What is a Trademark? Self-Quiz






Originally, trademarks were used to:
Choice 1 Identify the origin of goods in the Middle Ages.
Choice 2 Help keep accurate records of taxes owed during the 17th century.
Choice 3 Prevent theft of commercial goods.
Choice 4 None of the above.
The general idea underlying trademark law is that we want to:
Choice 1 Help manufacturers build brand image to facilitate commerce.
Choice 2 Prevent people from producing low-quality goods which cannot be readily identified.
Choice 3 Maintain some measure of order to the busy modern marketplace.
Choice 4 Protect consumers against confusion.
Cye opens a bar in a growing western town. Outside he hangs a sign which says ?Saloon.? When a competitor comes to town and hangs his own ?Saloon? sign can Cye claim that the new sign will cause confusion and should be removed?
Choice 1 YES, because Cye used the term first.
Choice 2 YES, if people in that town use the word “saloon” to indicate Cye’s bar.
Choice 3 NO, because the term “saloon” is generic.
Choice 4 NO, unless Cye has registered the mark.
The ?Bayer? case is an excellent example of how:
Choice 1 A term can become generic.
Choice 2 A generic term might become a valuable mark.
Choice 3 Trademark law has changed in the past 100 years.
Choice 4 Studying trademark law can give you a headache.
In order to prevent a term from becoming generic, a mark owner should:
Choice 1 Use the mark with care.
Choice 2 Keep the public educated about the distinction between the name brand and the product description.
Choice 3 Assiduously check for unauthorized uses of the mark.
Choice 4 All of the above.
A descriptive term such as ?Bug Mist? can be a valid mark if:
Choice 1 It is registered on the principal register.
Choice 2 It acquires secondary meaning through use.
Choice 3 There is only one user making use of the term.
Choice 4 Descriptive terms can never be valid marks.
The South Park Corporation, Inc. has just introduced a new product to the public which they call the ?Huge Balloon.? This is a balloon so big that if filled with helium a small child could float away while trying to hold on to it. Nobody has ever seen anything like it, although Cartman claims he has had one for weeks. Kenny cannot afford to buy a Huge Balloon, but fortunately for him a competitor begins making ?New Huge Balloons? about 6 months after the original is launched. During those 6 months the Huge Balloon is a big hit, but the public at large does not yet really identify the name with the product made by South Park Corporation, Inc. Can the makers of the ?New Huge Balloon? use that term?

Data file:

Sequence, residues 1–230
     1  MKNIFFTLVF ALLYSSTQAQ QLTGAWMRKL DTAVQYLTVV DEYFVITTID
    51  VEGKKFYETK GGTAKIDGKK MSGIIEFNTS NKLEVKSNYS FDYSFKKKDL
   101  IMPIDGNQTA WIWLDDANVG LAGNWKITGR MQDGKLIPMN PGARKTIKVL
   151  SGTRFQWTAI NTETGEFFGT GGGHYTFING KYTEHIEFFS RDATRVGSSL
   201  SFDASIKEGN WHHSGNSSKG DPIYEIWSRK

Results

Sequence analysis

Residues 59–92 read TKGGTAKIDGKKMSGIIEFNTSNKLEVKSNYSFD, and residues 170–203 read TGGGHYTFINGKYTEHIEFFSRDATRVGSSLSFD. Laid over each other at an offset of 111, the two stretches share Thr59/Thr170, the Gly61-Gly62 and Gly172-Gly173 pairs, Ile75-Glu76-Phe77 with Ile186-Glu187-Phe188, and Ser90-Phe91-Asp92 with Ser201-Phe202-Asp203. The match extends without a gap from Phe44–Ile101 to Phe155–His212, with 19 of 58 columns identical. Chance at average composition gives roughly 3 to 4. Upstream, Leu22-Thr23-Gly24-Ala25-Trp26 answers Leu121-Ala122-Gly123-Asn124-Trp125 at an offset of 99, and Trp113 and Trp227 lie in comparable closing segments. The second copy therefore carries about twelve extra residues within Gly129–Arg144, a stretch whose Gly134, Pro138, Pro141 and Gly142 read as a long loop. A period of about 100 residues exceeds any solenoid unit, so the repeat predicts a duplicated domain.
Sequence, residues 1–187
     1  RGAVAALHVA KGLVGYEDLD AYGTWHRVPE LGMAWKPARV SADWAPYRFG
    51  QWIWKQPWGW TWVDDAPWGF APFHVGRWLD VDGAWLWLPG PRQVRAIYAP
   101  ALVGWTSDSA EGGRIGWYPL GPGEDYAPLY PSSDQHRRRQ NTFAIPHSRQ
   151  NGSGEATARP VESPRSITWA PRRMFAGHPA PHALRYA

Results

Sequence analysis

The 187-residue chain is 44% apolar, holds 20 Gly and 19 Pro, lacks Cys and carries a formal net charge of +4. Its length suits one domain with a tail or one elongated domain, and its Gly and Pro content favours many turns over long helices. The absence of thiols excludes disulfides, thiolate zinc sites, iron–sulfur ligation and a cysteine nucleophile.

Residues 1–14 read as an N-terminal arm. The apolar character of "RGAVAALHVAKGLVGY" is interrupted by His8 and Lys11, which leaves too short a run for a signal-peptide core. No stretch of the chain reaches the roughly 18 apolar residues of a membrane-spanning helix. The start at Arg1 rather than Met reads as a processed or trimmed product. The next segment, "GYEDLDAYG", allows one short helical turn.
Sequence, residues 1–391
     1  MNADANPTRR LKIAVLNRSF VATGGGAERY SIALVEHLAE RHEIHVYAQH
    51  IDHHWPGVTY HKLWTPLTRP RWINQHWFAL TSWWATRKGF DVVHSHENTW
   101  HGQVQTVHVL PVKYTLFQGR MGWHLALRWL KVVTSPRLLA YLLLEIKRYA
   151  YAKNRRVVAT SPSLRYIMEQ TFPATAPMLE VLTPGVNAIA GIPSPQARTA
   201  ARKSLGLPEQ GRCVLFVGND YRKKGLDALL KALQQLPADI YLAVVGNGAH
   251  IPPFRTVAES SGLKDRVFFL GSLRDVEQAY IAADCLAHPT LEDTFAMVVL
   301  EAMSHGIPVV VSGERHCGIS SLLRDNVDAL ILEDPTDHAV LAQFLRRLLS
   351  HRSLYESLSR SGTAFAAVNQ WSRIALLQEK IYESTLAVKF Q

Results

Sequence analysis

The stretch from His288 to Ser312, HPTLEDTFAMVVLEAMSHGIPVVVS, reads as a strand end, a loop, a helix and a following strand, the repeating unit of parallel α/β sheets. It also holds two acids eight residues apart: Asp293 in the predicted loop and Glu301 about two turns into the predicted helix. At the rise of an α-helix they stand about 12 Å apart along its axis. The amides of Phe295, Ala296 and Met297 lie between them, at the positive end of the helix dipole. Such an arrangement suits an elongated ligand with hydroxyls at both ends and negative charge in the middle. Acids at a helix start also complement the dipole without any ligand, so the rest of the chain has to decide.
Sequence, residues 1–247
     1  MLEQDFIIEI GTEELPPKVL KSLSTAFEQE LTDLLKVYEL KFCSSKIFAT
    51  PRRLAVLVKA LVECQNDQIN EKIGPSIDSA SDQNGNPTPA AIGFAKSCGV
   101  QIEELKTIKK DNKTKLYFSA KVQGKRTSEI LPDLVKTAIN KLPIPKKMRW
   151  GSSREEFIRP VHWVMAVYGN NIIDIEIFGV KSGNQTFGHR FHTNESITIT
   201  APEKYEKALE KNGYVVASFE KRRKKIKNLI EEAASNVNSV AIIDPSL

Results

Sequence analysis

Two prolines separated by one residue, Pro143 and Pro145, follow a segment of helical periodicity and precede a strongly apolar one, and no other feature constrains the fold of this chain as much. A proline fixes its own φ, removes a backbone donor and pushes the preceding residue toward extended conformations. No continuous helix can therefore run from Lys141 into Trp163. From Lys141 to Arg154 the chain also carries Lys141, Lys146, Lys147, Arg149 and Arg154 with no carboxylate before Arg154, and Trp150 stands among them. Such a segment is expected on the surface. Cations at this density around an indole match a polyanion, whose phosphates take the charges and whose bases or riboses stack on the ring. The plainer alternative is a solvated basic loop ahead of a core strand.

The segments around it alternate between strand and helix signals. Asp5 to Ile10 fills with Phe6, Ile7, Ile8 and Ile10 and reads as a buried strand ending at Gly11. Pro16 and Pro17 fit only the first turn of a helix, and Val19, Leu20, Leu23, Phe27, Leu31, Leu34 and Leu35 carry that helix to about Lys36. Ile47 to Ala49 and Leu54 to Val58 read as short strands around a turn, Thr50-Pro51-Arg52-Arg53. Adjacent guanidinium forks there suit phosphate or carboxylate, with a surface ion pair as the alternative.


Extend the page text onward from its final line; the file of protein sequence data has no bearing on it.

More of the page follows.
Choice 1 YES, unless the term has already acquired a secondary meaning.
Choice 2 YES, because the term “balloon” is generic.
Choice 3 NO, if there is “secondary meaning in the making.”
Choice 4 NO, because it is a valid, protected mark as soon as it is used in commerce.
Several years later, the success of the Huge Balloon is overwhelming. The next new product to roll off the lines is called the ?Big ?n Heavy Door Stop.? If this term is found to be ?suggestive? instead of ?descriptive,? then:
Choice 1. It can be protected by a court as a mark without a showing of secondary meaning.
Choice 2 It can be registered with the PTO as a mark without a showing of secondary meaning.
Choice 3 Neither A nor B.
Choice 4 Both A and B.
Which of the following can be registered as a mark without a showing of secondary meaning?
Choice 1 Arbitrary marks.
Choice 2 Fanciful marks.
Choice 3 Suggestive marks.
Choice 4 All of the above.
The mark ?Shirley?s High Flying Griddle & Spatula Store? is an example of:
Choice 1 A generic term.
Choice 2 A descriptive term.
Choice 3 An arbitrary term.
Choice 4 A fanciful term.
Which of the following is an example of a fanciful mark?
Choice 1 Edgar’s Eloquent Dictionary Directory.
Choice 2 Edgar’s Word-A-Finder.
Choice 3 Edgar’s Yip-Yap-a-Dip-Dap.
Choice 4 Edgar’s Yodeling Euphemisms.

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